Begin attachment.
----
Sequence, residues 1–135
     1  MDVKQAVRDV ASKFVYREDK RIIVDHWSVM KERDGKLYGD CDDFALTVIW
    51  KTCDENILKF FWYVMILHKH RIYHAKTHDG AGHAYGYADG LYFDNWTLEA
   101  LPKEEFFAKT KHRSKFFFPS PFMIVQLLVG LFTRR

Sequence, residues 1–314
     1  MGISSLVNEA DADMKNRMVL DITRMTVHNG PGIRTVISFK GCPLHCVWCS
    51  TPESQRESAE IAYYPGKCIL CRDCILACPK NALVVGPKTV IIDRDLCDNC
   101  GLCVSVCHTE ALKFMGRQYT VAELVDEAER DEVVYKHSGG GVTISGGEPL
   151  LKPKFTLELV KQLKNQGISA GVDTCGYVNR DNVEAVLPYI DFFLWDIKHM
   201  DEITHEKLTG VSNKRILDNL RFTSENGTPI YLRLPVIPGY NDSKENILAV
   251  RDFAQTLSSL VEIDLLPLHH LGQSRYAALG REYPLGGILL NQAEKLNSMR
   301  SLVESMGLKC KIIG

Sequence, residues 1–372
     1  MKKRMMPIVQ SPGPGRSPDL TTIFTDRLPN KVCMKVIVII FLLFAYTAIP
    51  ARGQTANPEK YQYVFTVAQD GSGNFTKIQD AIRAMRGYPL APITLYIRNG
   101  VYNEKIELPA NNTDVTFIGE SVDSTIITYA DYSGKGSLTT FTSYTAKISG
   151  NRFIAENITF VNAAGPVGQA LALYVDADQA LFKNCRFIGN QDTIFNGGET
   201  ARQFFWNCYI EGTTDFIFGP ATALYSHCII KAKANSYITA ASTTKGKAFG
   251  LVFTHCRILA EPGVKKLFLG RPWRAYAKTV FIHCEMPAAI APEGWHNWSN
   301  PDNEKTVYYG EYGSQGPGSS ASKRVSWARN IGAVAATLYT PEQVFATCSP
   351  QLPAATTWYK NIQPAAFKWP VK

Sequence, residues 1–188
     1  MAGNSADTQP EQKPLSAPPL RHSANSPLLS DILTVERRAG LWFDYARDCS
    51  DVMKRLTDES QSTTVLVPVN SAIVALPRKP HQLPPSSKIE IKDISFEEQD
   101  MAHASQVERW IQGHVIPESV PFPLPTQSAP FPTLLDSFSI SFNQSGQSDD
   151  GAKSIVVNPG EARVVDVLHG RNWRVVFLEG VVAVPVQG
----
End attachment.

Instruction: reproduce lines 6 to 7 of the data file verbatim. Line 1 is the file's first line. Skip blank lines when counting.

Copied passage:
     1  MGISSLVNEA DADMKNRMVL DITRMTVHNG PGIRTVISFK GCPLHCVWCS
    51  TPESQRESAE IAYYPGKCIL CRDCILACPK NALVVGPKTV IIDRDLCDNC